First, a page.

Another aspect of the present invention is to provide an electrical control system for controlling the transmittance of at least one variable transmission window. The control system of the present invention comprises a control circuit coupled to the variable transmission window for selectively varying the electrical energy applied to the variable transmission window, a sensing circuit for sensing an abnormal electrical load condition including a near short or near open circuit, in the variable transmission window, and a security system interface coupled to receive an indication from the sensing circuit that an abnormal electrical condition exists in the variable transmission window.
Another aspect of the present invention pertains to a method of determining whether a security breach has occurred through the breakage or opening of a variable transmission window, the variable transmission window providing a current path when closed. The inventive method comprises the steps of sensing whether there is an electrical near short or near open circuit or other abnormal electrical performance indicative of physical damage to the window in the current path through the variable transmission window, and determining that there has been a security breach through the variable transmission window when an electrical near short or near open circuit or other abnormal condition is sensed.
An additional aspect of the present invention is to provide a window having a transmittance that varies in response to an electrical signal where the window comprises a window frame; a sash mounted to the window frame so as to be movable relative to the window frame; a variable transmission window element mounted in the sash; a first electrical coupler mounted to the window frame and electrically coupled to a source of an electrical signal; and a second electrical coupler mounted to the sash and electrically coupled to the variable transmission window element, the second electrical coupler moves relative to the first electrical coupler and contacts the first electrical coupler to thereby enable the electrical signal to be transmitted from the window frame to the variable transmission window element.
Another aspect of the present invention is to provide a window having a transmittance that varies in response to an electrical signal where the window comprises a window frame assembly; a variable transmission window element mounted in the window frame assembly; a first electrical coupler mounted to the window frame assembly and electrically coupled to a source of an electrical signal; and a second electrical coupler mounted to the variable transmission window element. The first electrical coupler includes a resilient contact member biased towards the second electrical coupler.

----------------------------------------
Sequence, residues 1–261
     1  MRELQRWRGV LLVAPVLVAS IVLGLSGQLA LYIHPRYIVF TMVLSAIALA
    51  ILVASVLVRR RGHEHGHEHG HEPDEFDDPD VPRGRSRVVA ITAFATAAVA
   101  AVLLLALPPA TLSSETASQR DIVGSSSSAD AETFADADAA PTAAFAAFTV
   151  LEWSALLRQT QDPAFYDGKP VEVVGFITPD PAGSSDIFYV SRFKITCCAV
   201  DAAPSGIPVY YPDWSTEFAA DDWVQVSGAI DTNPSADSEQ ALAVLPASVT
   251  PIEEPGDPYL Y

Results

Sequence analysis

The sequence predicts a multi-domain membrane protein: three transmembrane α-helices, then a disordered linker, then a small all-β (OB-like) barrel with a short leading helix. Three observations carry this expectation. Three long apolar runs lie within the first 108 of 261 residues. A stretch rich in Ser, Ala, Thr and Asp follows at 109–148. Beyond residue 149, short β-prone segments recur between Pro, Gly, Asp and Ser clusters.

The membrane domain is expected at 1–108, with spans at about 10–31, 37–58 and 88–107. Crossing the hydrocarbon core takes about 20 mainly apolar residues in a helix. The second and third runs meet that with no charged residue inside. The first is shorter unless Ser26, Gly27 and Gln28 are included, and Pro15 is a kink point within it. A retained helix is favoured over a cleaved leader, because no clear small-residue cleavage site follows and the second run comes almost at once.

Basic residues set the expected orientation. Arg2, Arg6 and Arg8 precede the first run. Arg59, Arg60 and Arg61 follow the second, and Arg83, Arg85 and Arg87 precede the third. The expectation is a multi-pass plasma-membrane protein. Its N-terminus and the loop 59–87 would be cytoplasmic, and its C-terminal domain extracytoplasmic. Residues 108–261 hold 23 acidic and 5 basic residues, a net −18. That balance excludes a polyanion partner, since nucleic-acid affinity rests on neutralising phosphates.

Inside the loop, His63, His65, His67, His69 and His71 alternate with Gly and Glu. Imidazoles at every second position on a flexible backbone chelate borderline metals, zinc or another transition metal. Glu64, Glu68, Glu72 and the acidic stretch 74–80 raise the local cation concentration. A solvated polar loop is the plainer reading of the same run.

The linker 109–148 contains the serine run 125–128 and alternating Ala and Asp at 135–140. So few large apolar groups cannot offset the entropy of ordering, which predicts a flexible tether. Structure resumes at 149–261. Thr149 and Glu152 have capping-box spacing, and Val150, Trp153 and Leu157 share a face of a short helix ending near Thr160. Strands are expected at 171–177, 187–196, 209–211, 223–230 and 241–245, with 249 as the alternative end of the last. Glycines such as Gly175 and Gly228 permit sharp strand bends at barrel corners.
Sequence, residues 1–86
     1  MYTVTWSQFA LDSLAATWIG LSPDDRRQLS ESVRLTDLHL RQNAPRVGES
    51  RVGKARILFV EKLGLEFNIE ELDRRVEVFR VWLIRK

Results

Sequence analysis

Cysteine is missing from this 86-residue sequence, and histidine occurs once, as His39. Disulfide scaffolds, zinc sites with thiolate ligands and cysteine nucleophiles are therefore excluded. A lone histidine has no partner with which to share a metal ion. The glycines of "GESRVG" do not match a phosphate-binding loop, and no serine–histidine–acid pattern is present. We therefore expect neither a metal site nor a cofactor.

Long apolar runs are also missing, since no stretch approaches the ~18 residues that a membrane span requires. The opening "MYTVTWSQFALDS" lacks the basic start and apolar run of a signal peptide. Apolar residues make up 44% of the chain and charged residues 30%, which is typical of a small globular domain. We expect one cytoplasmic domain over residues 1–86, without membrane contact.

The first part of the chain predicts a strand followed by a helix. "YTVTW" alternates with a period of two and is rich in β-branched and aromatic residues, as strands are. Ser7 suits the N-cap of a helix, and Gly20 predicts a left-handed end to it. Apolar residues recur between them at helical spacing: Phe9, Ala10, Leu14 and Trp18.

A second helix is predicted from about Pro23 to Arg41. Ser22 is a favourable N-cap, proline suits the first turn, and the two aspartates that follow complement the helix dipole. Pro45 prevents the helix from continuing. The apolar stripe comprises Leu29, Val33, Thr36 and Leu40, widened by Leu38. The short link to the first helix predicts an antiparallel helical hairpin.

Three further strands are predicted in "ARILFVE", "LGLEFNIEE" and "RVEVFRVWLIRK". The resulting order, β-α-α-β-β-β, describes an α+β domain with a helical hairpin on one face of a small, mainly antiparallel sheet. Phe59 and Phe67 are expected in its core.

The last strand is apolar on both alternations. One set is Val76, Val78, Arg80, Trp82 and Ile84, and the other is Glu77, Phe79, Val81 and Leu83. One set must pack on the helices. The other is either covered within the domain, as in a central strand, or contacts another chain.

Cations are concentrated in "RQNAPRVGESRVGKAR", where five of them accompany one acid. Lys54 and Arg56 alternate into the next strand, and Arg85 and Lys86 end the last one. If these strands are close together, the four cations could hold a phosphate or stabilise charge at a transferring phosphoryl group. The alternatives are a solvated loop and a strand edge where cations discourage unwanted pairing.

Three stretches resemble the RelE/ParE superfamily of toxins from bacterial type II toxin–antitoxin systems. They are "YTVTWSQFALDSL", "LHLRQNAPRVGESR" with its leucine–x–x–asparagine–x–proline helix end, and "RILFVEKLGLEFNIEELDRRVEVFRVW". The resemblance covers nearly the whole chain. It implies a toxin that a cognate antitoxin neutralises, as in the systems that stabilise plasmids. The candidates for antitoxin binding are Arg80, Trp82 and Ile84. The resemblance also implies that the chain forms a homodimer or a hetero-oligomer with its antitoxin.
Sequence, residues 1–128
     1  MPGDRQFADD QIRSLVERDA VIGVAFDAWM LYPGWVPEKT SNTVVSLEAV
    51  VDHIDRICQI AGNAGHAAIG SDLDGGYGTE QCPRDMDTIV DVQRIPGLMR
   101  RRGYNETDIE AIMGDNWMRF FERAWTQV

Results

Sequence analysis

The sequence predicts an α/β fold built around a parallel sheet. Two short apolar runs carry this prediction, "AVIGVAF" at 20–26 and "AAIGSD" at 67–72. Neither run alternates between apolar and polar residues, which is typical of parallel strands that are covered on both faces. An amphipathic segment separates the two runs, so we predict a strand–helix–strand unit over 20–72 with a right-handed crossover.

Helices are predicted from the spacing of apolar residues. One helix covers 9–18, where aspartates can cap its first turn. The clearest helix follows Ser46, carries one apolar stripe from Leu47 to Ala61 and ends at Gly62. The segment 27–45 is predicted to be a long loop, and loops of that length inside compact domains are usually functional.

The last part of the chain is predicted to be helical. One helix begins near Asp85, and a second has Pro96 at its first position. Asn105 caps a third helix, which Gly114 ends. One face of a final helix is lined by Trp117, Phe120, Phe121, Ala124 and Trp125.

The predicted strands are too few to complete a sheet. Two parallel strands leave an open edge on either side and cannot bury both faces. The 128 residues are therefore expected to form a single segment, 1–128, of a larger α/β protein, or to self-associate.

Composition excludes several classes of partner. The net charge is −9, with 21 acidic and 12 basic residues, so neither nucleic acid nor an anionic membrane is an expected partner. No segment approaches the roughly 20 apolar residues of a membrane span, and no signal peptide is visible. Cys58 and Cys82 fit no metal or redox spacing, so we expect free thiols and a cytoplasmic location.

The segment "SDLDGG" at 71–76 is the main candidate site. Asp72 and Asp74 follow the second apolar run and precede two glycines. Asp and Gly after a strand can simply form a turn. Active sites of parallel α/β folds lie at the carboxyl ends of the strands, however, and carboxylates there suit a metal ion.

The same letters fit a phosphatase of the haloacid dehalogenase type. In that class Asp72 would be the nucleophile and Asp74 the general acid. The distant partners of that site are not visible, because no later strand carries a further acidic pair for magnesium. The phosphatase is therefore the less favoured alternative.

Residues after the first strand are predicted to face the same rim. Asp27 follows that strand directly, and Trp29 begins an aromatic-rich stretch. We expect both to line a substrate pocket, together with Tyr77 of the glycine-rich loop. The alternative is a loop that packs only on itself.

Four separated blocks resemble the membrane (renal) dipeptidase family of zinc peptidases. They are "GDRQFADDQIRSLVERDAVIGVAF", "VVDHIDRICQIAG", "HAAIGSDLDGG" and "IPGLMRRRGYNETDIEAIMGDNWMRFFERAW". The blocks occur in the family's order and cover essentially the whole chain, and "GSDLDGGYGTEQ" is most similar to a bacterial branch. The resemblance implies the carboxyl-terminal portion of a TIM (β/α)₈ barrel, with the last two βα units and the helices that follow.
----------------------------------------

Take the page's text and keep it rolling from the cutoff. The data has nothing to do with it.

Yet another aspect of the present invention is to provide a window having a transmittance that varies in response to an electrical signal, where the window comprises: a window frame; a sash mounted to the window frame so as to be movable relative to the window frame; a variable transmission window element mounted in the sash; a first electrical coupler mounted to the window frame and electrically coupled to a source of an electrical signal; a second electrical coupler mounted to the sash and electrically coupled to the variable transmission window element; and a flexible cable coupled between the first and second electrical couplers to thereby enable the electrical signal to be transmitted from the window frame to the variable transmission window element, the flexible cable having a length sufficient to permit movement of the sash between open and closed positions.
Still another aspect of the present invention is to provide a window having a transmittance that varies in response to an electrical signal where the window comprises: a window frame; a variable transmission window element; a first electrical coupler mounted to the window frame and electrically coupled to a source of an electrical signal; and a second electrical coupler electrically coupled to the variable transmission window element. The first and second electrical couplers have contact surfaces that engage one another to thereby enable the electrical signal to be transmitted from the window frame to the variable transmission window element.
These and other features, advantages and objects of the present invention will be further understood and appreciated by those skilled in the art by reference to the following specification, claims and appended drawings.
In the drawings:
Reference will now be made in detail to the present preferred embodiments of the invention, examples of which are illustrated in the accompanying drawings. Wherever possible, the same reference numerals will be used throughout the drawings to refer to the same or like parts.
For purposes of description herein, the terms “upper,” “lower,” “right,” “left,” “rear,” “front,” “vertical,” “horizontal,” “top,” “bottom,” and derivatives thereof shall relate to the invention as shown in the drawings. However, it is to be understood that the invention may assume various alternative orientations, except where expressly specified to the contrary. It is also to be understood that the specific device illustrated in the attached drawings and described in the following specification is simply an exemplary embodiment of the inventive concepts defined in the appended claims. Hence, specific dimensions, proportions, and other physical characteristics relating to the embodiment disclosed herein are not to be considered as limiting, unless the claims expressly state otherwise.